How to Find a Counselor
Trying to find a counselor or therapist can be confusing and tricky. Especially in the Seattle area—there are a lot of us! There are a few things to consider besides _what counselors take my insurance. _Below is a list of factors to consider when finding a counselor:
Are going to be comfortable seeing someone older or younger than you? How much does age matter to you?
If you are dealing with sexual issues you should seek help from someone your same gender. Otherwise think about what you are seeking counseling for, who are you going to feel the safest or most comfortable sharing your life story with.
Counselors specialize in different areas:
- grief and loss
- drug and alcohol
- trauma and more.
Some counselors have a specific specialty, while others may have several things that they do. For example anxiety and depression often go hand-in-hand. If a counselor has personally experienced trauma or abuse they are often gifted in working with the anger and grief associated with trauma and abuse.
Find a bio and/or picture of the counselors you are looking into. Try to get a sense of who they are. If you don’t like how their bio is written or if you look at their picture and don’t feel comfortable, follow that instinct because you probably won’t "click" with them.
How is their parking and is the office easily accessible? Ask yourself: is this a place I am willing to drive to once a week, or in traffic?
If you are insured call the number on the back of your insurance card to see what they cover. Also call the counselor or their office to verify any other financial questions. If you don’t have insurance, don’t worry: most office have a sliding fee scale. You will most likely have to provide one or two pay stubs, and how much you spend.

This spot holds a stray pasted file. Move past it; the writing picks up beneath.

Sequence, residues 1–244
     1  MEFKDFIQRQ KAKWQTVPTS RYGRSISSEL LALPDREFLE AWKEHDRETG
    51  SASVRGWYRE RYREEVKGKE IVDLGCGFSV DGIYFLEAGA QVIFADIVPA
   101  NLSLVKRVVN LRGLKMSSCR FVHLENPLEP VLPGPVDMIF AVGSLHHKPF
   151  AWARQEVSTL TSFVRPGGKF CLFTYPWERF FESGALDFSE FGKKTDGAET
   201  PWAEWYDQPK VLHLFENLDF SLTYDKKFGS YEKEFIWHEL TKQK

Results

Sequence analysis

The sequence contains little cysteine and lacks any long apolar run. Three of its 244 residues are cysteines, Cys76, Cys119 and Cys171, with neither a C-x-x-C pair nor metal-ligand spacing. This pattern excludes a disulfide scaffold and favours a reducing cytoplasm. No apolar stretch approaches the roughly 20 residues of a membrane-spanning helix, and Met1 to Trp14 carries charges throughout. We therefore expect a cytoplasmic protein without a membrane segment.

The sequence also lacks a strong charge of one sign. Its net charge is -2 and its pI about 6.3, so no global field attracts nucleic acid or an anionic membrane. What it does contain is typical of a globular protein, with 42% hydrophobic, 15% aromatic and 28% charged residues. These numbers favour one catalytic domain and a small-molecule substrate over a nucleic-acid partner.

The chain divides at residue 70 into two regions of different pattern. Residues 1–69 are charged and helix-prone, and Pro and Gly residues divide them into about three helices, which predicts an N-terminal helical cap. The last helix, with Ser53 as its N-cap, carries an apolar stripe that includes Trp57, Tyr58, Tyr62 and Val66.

Interview your favorites
Make a list and find your top three counselors/therapists. Most of us do a free phone call (usually around 15 minutes) and some even do a free 1st session (that is a bit harder to find). Plan on calling or emailing the counselor with any questions you might have and provide a little bit of your background information:
Questions to consider asking:
- Counselor's Education/Background/Training
- Counseling goals and treatment planning
- Outline for sessions
- Is homework or exercises given for outside of session
Background information to provide:
- What is the issue/problem?
- When did it start?
- Any trauma?
- Is it a legal matter (is there court/lawyer/CPS involvement)?
- Is there anyone that you might like to bring into counseling with you in the future?
Try to keep this part brief. You won’t get any advice over the phone.
Scheduling your first appointment
Once you have collected all the information you need, pick your favorite and schedule your first session. Don't just pick who you think is the most qualified. Pick a counselor you will be the most comfortable with and has experience dealing with your type of concerns. The first session is always a little bit scary, and that's OK! Remember to bring all of your paperwork (and insurance information) with you.